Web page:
Speaking of characters, the film has an ensemble of characters that are, for the most part, not people you want to root in a good light. A lot of them are bad people. But they are nonetheless, very interesting characters to watch. It is fascinating seeing the development of the characters as they were kids in the sixties and now grown up in the seventies. I think it is really cool for the directors of the film, Fernando Meirelles and Katia Lund, to cast actors who lived in the local favelas (slums) in Brazil. This is another thing that adds a sense of realism. These actors are people who lived through the real-life crime world of their homeland. For many, this is the first major movie that they starred in and their performances were all around great. The adults, teens, and the children actors/actresses did a really good job in their acting.

I mentioned earlier on how crime evolves, well this delves into one of the film’s themes. Which is that things are part of a never-ending, ever-changing cycle. The sixties starts off as “tame” and came off as “harmless” fun for criminals. The seventies is an age where murder is the way to show who is the big boss. Over the course, the generations who are wishing to take over are getting younger and younger after a decade passes. The world will become more dangerous as future generations get younger with weapons that will get deadlier. Even though that is changing, the parallels/similarities are always going to be around.

Aside from this film being about crime, it is also a coming-of-age story. There is Rocket, who is one of the few characters that doesn’t want to enter in the crime life. At times he wants to, in order to get better recognition. But he decides not to, as he doesn’t want to have the same trigger-happy attitude as Lil Ze. There is Lil Ze, whose sole purpose in life is wanting power and nothing else. Power in all fronts through any violent and cruel means. There is Benny, Lil Ze’s best friend, who wants to escape the crime world and live a normal life with his girlfriend. But that cycle hits Benny tragically, much like with his older brother years prior.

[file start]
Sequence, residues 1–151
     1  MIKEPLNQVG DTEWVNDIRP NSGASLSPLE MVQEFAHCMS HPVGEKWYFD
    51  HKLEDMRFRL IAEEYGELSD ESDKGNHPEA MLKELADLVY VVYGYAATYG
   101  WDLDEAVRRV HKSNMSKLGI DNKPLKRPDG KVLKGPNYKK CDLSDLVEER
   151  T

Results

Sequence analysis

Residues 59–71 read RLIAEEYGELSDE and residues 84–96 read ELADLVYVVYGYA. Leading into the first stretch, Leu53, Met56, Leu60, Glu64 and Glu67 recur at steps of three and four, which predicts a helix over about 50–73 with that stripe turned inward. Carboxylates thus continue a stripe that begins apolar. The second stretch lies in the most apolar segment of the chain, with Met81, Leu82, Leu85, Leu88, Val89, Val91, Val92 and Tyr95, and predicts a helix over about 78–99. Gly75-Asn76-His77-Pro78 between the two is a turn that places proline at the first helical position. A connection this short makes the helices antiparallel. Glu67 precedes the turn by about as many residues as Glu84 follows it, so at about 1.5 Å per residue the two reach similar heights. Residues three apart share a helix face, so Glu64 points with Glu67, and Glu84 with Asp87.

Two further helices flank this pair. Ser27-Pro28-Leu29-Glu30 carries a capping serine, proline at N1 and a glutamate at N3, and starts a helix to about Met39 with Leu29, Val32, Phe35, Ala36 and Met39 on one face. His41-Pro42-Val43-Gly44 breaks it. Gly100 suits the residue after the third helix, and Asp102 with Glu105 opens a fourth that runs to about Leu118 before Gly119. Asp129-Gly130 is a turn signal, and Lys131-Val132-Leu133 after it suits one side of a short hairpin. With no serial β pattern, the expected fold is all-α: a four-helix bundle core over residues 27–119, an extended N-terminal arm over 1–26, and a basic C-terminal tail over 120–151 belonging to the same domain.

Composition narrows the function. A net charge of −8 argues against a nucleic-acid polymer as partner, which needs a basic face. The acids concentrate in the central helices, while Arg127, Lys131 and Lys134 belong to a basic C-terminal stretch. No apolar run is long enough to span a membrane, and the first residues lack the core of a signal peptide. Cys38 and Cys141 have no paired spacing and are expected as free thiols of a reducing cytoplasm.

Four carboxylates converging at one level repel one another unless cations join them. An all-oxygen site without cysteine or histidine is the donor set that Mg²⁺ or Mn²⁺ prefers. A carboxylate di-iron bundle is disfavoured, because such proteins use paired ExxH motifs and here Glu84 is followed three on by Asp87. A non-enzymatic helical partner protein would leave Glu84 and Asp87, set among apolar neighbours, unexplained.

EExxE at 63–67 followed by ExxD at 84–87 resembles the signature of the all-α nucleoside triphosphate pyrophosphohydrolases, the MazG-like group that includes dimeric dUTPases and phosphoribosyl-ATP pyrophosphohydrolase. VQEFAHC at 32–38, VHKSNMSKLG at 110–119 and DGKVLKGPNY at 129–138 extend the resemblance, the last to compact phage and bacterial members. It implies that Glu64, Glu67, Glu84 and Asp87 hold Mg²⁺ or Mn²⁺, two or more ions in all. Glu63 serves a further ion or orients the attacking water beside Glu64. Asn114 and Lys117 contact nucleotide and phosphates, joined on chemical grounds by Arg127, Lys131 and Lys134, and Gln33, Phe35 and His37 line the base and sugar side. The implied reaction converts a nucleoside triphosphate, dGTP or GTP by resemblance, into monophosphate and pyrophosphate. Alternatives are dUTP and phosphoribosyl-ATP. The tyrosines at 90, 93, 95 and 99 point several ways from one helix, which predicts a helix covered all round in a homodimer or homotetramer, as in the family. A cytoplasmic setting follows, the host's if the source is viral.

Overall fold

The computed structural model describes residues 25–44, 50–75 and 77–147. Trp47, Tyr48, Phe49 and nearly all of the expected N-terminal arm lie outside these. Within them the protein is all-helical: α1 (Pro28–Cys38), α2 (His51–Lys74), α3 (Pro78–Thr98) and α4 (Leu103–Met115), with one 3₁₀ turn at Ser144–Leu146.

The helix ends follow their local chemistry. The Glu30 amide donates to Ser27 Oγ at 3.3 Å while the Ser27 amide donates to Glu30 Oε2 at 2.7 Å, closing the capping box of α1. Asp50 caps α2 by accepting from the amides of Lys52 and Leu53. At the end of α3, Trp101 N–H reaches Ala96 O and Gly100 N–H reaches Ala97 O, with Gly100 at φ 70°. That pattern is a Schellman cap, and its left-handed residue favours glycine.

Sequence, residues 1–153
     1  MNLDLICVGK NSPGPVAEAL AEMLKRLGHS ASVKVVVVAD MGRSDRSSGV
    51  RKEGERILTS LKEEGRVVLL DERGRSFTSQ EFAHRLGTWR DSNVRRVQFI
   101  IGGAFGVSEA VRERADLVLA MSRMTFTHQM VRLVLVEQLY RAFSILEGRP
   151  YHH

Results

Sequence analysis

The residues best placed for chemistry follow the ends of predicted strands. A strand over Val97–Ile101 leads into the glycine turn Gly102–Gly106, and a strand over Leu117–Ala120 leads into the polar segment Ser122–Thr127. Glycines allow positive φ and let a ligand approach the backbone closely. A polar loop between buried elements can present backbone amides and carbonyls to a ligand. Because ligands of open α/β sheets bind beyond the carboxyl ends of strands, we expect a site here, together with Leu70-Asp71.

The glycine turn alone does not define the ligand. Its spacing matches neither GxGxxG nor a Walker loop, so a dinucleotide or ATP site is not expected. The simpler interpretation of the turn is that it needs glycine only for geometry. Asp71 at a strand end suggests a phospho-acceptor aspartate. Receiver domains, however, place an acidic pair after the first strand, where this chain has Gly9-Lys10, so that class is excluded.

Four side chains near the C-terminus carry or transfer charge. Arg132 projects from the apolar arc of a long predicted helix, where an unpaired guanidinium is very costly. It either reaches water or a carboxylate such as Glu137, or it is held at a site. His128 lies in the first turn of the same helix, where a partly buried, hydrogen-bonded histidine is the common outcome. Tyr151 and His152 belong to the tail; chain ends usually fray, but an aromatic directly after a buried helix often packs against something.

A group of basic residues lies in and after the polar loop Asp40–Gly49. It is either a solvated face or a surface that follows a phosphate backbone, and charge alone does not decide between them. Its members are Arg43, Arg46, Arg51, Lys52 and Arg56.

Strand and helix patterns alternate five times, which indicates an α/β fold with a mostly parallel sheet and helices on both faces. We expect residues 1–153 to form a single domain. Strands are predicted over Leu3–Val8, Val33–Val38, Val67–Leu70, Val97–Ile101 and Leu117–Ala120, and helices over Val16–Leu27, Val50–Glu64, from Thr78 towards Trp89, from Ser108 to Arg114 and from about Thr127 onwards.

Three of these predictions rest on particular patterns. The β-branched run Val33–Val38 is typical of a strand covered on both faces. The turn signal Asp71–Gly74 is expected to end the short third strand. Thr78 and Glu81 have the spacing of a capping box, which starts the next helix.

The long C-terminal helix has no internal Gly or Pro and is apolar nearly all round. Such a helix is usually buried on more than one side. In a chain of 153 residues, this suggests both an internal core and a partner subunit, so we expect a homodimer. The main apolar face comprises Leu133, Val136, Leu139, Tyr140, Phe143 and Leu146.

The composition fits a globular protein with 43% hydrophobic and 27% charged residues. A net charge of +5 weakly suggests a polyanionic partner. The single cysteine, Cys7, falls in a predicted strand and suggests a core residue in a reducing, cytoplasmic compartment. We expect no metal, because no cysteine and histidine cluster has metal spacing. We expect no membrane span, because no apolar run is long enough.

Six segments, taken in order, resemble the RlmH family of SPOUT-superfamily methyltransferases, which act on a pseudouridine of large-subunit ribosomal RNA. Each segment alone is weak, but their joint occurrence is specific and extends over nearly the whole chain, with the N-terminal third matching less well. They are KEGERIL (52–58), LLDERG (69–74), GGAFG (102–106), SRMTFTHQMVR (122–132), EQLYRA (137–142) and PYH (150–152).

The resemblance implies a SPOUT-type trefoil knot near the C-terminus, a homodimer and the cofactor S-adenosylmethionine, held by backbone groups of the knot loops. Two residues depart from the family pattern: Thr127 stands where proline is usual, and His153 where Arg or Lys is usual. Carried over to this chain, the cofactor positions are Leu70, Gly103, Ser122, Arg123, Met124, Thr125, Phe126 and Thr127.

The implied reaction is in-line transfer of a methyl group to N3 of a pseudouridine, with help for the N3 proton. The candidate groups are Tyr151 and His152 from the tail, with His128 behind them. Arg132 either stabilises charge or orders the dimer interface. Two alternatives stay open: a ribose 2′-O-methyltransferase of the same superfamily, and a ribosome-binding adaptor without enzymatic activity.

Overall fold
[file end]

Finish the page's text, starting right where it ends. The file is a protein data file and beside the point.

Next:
The environment of Cidade de Deus is very diverse not only in the people but also in the different and unique locations. The city feels alive and thriving.

One negative I do have with the film is that there wasn’t a whole lot of emotional resonance from the actions taking place. I think with the film’s editing going back forth with many and many characters throughout, there wasn’t one to latch onto. There is Rocket, but even so, it seems the film would like to focus on the life of crime in the gangs depicted. Which is great, but it would be nice to make one actually care for certain characters for what is happening. I feel like the film needs more slow moments and to let things dial back a bit in order for the emotions to sink in.

On a lighter side, thanks to this film, I know how to sell drugs and work my way to the top. Wonderful!

“City of God” is a great movie. The documentary-style approach truly delivers in a film that feels real, has a diverse cast of characters, the technical aspects are very well done, the themes are presented nicely, and it is definitely one should see right now. Just be mindful of the violence because it can get intense from time to time.